28 de abril de 2024

Notes on the Viola nuttallii Complex and its Segregate Taxa in Montana, the Rockies and Intermountain West

This post can hopefully be used by folks trying to identify or understand the distinction between the species formerly included in an expanded concept of Viola nuttallii. As used on iNaturalist, the name Viola nuttallii is used in the strict sense and applies to a species that is primarily found on the Great Plains. However, the name has continued to be applied more generally to plants across the western U.S. instead of only to the species from the Plains. I am posting this as part of my attempt to "clean-up" the data on iNaturalist for the 3 taxa below.

The Viola nuttallii Complex in MT and the Interior West can be segregated into:
Viola nuttallii s.s.: A species of the Great Plains
Viola praemorsa: A species of the Mountains and Intermountain Valleys
Viola vallicola: A species of the Plains and Mountains

Generally, the 3 taxa appear to be relatively distinct morphologically with some geographical and ecological distinction. Geographically, V. nuttallii s.s. is a Great Plains species that does not occur (as far I can tell) west of the Continental Divide in MT nor in ID or UT or further west. V. vallicola occurs extensively in the Rockies and Intermountain West and occasionally onto the plains. V. praemorsa is a species of the mountains from moderate to high elevations. V. praemorsa and V. vallicola overlap extensively in the Rockies and Intermountain West. Generally, V. vallicola is in drier and lower elevation settings and V. praemorsa in more mesic or higher elevation settings though they overlap in distribution and somewhat in habitat as well. I find most specimens with good photographs of the mature leaves can be readily identified, though some observations are still difficult to place and appear intermediate.

Morphologically V. nuttallii and V. vallicola may be confused where they co-occur, and Viola praemorsa and Viola vallicola may be confused as well, while V. praemorsa is generally distinct from V. nuttalli with little to no morphological overlap. Particularly, I find some specimens difficult to place confidently with either V. praemorsa or V. vallicola. Whether this is due to morphological overlap between the two taxa, hybridization or my evolving understanding of the morphological boundaries of the two I am not sure. I have noted that individuals growing in open sunlight vs those in partial shade may account for some of the of the observed variability in leaf characteristics with both V. praemorsa and V. vallicola.

To help with distinguishing these species, below is an excerpt from a key to Viola's from an upcoming Identification Manual on the Vascular Plants of Montana that I have been working on:

8. Most larger leaves long-lanceolate, blades >3x as long as wide with bases cuneate and long tapering, forming narrow wings along the petiole , minutely puberulent or glabrous; grasslands and open gravelly or sandy gen well-drained sites; plains…..V. nuttallii Pursh Tetraploid. Primarily or perhaps exclusively east of the Continental Divide, most common in the eastern 1/3 of the state and becoming less common further west.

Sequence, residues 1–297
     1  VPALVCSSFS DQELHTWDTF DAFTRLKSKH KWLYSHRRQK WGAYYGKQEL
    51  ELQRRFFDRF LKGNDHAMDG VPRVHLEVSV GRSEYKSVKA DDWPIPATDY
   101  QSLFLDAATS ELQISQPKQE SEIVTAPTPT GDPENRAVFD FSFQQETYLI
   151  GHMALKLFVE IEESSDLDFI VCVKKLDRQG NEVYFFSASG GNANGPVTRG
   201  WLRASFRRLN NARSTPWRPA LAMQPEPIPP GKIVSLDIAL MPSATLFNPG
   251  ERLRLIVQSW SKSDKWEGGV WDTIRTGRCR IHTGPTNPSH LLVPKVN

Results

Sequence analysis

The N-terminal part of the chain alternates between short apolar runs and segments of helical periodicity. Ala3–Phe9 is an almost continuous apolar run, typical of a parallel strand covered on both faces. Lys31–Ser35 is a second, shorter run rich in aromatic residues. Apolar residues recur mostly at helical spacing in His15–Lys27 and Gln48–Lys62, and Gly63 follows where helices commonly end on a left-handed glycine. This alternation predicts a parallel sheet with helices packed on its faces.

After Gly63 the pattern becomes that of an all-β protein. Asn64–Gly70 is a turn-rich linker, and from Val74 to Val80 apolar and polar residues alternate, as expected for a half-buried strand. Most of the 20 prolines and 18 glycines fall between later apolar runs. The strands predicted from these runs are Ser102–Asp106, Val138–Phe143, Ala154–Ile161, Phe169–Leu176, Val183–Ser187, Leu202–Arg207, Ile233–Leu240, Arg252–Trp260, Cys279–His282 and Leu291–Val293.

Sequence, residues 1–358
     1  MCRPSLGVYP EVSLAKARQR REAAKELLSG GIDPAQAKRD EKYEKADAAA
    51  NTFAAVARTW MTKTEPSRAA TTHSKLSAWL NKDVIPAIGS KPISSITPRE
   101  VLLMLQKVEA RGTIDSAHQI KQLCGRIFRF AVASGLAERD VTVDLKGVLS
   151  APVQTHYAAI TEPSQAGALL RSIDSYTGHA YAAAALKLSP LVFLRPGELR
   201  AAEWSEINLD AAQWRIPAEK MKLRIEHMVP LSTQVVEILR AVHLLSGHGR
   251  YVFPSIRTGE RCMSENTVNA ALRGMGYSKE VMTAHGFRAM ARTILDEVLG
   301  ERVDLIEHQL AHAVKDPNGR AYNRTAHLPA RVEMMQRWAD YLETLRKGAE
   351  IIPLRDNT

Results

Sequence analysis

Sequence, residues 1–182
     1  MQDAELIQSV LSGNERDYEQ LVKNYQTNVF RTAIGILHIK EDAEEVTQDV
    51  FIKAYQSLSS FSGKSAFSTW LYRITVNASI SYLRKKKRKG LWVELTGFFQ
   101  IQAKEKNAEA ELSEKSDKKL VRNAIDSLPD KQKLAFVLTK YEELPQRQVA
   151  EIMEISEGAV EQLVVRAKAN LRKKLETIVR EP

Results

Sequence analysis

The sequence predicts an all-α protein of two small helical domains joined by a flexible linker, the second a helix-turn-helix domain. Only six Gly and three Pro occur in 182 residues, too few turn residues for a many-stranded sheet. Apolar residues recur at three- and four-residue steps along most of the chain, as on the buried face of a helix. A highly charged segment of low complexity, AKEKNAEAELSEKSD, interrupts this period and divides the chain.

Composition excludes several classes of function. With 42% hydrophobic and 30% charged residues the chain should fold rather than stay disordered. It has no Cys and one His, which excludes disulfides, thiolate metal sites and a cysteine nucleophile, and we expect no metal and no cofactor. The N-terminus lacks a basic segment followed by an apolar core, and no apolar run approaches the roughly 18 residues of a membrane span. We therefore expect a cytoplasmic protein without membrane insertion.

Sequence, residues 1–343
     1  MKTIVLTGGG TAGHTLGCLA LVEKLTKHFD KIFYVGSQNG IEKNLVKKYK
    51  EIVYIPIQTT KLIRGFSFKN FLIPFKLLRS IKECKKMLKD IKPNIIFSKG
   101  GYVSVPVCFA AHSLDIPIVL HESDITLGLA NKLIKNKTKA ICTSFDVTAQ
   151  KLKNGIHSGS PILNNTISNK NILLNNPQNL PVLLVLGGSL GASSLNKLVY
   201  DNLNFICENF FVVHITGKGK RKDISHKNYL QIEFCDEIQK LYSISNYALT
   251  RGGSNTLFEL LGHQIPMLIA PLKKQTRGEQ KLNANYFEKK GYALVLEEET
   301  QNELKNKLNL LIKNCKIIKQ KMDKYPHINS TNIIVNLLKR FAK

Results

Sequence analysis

8. Leaves mostly elliptic or ovate with bases truncate, rounded and/or short tapering to petiole, blades <3x as long as wide, puberulent, sparsely hairy or glabrous

9. Leaf bases mostly rounded to short-tapering (some may be truncate) to petiole, blades elliptical to ovate, margins often crenate to serrate at least above, glabrous to sparsely pubescent, gen appearing green when fully developed, vein pattern mostly somewhat reticulate with midvein not esp distinct to whitish and distinct; open, often gravelly or rocky slopes, grasslands, steppe; montane to alpine…..V. praemorsa Doug. ex Lindl. [V. nuttallii var. praemorsa] Hexaploid. This species and the next are sometimes treated as varieties of V. nuttallii (Hitchcock and Cronquist 2018, Lesica 2012, 2022). However, they are gen readily separable based on the vegetative traits in the key as well as differences in habitat, geography and chromosome number though some overlap in morphology and geography exists. Two varieties (var. flavovirens and var. linguaefolia) are sometimes recognized as occurring in MT based on differences in morphology, cytology, and leaf flavonoid chemistry (Little and McKinney in FNA). However, they overlap greatly in morphology and geography and as a result are not recognized here.

9. Leaf bases mostly truncate or subcordate, margins entire to subentire and gen ciliate, blades narrowly ovate to ovate, puberulent to glabrous, often appearing gray-green, vein pattern gen not reticulate, midvein often whitish and prominent on upper surface, secondary veins not as prominent; various open sites from dry to moist including grasslands, steppe; plains, valleys to subalpine…..V. vallicola A. Nels. [V. nuttallii var. vallicola] Diploid. Some smaller or later, cauline leaves may have cuneate bases that taper to the petiole leading to confusion with V. nuttallii.

Other References:
Flora of North America
Fabijan etal. 1987. The taxonomy of the Viola nuttallii complex. Can. J. Bot. 65 : 2562-2580.
Ballard etal. 2023. A taxonomic treatment of the violets (Violaceae) of the northeastern United States and adjacent Canada: Provides a good synopsis of the Viola nuttallii Complex. Available here: https://bioone.org/journals/the-journal-of-the-torrey-botanical-society/volume-150/issue-1/TORREY-D-22-00029.1/A-taxonomic-treatment-of-the-violets-Violaceae-of-the-northeastern/10.3159/TORREY-D-22-00029.1.full

Publicado el 28 de abril de 2024 a las 12:16 AM por scott_mt scott_mt | 1 comentario | Deja un comentario